Date: Fri, 3 Dec 2010 23:10:16 +0000
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From: wdwatt**At_Symbol_Here**COMCAST.NET
Subject: Re: OHSA/NIOSH Permissible limits
In-Reply-To: <2137064973.151453.1291417540229.JavaMail.root**At_Symbol_Here**>

Of course, at a minimum you follow the legal requirements which are OSHA PELs. Some states have adopted the 1989 PELs and so they must be followed and in some cases some states have established values of their own which must be followed.


If you have the luxury of controlling to whatever level you choose, you can use the RELs or the TLVs, etc. Keep in mind however, that the latter values are set only with the effect in mind and not necessarily the economic and technical feasibility.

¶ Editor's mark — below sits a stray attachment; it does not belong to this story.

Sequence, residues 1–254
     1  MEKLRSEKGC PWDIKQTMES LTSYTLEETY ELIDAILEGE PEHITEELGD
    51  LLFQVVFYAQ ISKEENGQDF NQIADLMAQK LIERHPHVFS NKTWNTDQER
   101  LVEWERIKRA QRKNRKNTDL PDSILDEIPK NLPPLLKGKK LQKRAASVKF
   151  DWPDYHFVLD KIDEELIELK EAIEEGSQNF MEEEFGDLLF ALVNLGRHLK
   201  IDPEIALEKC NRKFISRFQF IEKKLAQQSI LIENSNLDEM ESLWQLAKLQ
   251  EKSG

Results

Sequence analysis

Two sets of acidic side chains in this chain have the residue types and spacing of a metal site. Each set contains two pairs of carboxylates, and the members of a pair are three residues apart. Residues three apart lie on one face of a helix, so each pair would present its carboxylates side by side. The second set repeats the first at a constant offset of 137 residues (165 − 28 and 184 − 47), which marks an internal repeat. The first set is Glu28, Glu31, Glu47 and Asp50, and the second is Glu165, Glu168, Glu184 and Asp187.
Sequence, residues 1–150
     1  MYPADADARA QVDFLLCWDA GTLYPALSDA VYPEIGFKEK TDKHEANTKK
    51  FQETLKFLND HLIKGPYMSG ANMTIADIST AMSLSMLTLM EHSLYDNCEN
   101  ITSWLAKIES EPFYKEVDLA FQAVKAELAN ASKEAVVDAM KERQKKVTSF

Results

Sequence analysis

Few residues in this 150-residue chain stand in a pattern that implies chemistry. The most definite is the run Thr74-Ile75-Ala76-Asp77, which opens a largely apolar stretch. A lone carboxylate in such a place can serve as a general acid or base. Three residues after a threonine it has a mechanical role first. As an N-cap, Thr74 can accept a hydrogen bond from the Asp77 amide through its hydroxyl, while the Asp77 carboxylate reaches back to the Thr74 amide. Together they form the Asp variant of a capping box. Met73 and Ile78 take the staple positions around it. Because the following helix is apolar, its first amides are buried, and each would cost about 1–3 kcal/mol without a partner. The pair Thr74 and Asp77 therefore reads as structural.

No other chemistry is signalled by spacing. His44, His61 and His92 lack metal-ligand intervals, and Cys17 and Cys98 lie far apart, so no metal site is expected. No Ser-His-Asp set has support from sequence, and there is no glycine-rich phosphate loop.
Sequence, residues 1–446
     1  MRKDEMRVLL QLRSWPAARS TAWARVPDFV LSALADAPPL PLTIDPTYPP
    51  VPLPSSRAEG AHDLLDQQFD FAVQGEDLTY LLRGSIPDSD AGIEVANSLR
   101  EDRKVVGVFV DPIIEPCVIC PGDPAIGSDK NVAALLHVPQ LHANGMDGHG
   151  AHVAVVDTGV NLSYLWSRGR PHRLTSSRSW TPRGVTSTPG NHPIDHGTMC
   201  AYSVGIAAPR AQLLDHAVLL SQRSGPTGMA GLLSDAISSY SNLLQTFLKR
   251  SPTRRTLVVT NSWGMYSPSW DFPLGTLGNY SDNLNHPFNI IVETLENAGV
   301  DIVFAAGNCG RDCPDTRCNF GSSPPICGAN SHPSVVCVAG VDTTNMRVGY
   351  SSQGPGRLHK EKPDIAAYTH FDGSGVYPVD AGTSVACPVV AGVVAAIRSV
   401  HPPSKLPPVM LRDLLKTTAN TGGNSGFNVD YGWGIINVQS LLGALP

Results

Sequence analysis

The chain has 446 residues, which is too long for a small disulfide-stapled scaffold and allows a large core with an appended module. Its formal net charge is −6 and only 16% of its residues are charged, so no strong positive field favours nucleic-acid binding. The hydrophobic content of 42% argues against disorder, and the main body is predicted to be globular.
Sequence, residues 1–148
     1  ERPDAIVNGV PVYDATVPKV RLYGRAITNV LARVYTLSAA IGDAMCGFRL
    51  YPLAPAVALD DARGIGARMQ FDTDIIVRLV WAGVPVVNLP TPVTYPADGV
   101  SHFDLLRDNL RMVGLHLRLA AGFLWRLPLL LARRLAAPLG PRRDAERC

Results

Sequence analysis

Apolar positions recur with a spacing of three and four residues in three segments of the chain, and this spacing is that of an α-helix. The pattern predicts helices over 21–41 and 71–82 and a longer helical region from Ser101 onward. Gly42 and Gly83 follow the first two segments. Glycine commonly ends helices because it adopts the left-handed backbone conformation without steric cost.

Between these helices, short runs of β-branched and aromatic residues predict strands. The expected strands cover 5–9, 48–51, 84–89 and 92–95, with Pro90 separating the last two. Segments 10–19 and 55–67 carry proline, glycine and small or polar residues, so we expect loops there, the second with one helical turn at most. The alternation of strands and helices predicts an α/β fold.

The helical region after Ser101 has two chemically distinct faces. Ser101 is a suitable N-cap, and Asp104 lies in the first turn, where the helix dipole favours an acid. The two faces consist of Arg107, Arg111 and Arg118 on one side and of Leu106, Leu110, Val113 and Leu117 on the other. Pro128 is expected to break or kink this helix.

Monona's comment makes me think of how our EPA does it - requiring the Best Available Control Technology (BACT), Maximum Available Control Technology (MACT), etc. 

Bill Watt

Associate Professor

Wayne State U.


----- Original Message -----
From: "Jim Tung" <jimtung**At_Symbol_Here**GMAIL.COM>
To: DCHAS-L**At_Symbol_Here**LIST.UVM.EDU
Sent: Friday, December 3, 2010 4:22:54 PM
Subject: [DCHAS-L] OHSA/NIOSH Permissible limits

Hello, all:

When the NIOSH pocket guide has different permissible limits (NIOSH versus OSHA), which is the better one to follow?

For example, benzene's limit for NIOSH is 0.1 ppm (10 hr workday), while OSHA's limit is 1 ppm (8 hour workday.)

Why the difference? From a legal perspective, which is a better choice?

Thanks in advance for any advice you might give; obviously, any advice people might give is non-binding, you're not responsible, legal mumbo-jumbo, blah, blah.

Cheers, Jim Tung

Lead Hazardous Waste Coordinator
Obiter Research LLC
Champaign, IL

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